cover image The Always Prayer Shawl

The Always Prayer Shawl

Sheldon Oberman. Boyds Mills Press, $15.95 (32pp) ISBN 978-1-878093-22-6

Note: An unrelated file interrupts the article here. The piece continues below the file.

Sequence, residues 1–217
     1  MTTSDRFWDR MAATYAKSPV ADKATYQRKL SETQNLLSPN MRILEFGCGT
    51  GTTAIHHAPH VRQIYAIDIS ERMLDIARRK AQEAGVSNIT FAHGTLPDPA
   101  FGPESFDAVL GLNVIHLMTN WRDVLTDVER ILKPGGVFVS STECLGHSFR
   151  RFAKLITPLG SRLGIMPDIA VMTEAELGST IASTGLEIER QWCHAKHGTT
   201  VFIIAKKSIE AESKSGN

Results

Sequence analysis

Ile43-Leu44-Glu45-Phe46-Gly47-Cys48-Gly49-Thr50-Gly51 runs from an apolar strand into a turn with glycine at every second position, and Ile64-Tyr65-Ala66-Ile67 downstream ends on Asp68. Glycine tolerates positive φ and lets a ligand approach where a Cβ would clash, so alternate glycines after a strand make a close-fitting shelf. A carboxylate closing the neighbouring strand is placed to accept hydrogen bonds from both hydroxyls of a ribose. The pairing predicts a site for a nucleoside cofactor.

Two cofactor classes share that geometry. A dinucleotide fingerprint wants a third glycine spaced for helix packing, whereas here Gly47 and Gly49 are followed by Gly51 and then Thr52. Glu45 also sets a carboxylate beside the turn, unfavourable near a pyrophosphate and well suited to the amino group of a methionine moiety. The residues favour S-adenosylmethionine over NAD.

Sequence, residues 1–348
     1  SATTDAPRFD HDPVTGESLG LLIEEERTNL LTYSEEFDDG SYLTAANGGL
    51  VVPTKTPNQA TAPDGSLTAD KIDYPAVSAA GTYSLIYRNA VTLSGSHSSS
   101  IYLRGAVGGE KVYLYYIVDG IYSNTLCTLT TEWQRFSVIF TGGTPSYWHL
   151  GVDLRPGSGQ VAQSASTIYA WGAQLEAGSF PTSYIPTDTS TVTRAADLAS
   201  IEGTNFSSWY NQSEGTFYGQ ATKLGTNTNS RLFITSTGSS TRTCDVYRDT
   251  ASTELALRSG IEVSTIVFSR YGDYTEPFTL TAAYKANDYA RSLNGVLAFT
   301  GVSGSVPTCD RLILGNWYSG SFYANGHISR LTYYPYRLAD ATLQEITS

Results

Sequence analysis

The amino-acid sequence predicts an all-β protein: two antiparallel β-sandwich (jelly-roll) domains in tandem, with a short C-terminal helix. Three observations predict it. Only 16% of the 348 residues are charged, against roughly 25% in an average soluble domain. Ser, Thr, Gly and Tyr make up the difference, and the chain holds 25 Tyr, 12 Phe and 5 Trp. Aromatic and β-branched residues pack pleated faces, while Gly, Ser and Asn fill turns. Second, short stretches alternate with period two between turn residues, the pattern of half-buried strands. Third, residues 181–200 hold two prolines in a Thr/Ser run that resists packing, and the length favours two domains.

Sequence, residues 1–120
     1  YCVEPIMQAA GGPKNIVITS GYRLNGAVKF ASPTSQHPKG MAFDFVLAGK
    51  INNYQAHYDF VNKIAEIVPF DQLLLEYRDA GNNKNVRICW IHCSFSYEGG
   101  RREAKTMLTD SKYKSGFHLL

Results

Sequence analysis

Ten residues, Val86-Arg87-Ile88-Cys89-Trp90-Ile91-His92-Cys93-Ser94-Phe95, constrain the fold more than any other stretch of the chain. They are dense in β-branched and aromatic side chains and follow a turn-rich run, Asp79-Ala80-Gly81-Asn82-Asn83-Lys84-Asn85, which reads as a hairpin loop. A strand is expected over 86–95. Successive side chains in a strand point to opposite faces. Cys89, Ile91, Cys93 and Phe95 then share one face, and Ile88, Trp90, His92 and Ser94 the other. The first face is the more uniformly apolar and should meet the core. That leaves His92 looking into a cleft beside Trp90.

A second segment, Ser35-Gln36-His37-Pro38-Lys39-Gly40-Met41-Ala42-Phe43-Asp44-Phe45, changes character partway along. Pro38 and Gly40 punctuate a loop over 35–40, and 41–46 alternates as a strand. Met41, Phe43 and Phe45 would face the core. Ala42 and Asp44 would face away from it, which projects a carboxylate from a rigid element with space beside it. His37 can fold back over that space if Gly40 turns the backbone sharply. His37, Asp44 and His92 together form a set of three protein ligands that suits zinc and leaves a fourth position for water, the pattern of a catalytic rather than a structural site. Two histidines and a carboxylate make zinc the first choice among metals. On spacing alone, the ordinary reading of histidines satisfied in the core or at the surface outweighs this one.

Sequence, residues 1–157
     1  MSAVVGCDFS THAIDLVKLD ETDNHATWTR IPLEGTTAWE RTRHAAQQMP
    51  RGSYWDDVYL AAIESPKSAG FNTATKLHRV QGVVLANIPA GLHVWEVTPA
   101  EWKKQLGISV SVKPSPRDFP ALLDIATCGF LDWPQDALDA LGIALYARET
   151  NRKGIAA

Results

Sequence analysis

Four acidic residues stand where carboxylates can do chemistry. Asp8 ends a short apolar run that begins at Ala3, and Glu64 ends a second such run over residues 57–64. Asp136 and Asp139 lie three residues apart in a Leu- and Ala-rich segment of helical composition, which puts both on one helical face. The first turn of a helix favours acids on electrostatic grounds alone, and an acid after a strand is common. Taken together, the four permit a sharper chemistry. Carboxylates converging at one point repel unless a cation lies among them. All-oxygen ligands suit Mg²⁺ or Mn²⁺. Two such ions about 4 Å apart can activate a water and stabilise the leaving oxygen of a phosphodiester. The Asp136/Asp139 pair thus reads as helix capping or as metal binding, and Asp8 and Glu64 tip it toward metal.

Oberman's ( Lion in the Lake ) simply told and moving story invokes the power of tradition. Adam is a Jewish boy growing up in czarist Russia, where his grandfather, also named Adam, teaches him the importance of Jewish beliefs and customs, stressing that ``some things change and some things don't.'' Without distancing the reader, comparisons crystallize the differences between Adam's time and the present: ``When Adam went for eggs, he did not get them from a store. He got them from a chicken. When Adam felt cold, he did not turn a dial for heat. He chopped wood for a fire.'' When Adam and his parents emigrate, Adam's grandfather gives his prayer shawl to the boy, who responds with a promise: ``I am always Adam and this is my always prayer shawl. That won't change.'' In America, Adam learns to live, dress and speak differently. The prayer shawl changes, too--first the fringe is replaced, then the collar and finally the cloth. But, as Adam is to explain to his own grandson, ``It is still my Always Prayer Shawl.'' As a tender conclusion brings Adam's spiritual life full circle, Lewin underscores the cyclical theme by picturing the grandson as very like the young Adam. His realistic watercolors dynamically depict the Old World in black and white, changing to color as Adam grows up, and his affecting portraits match the quiet passion of Oberman's prose. Ages 7-up. (Feb.)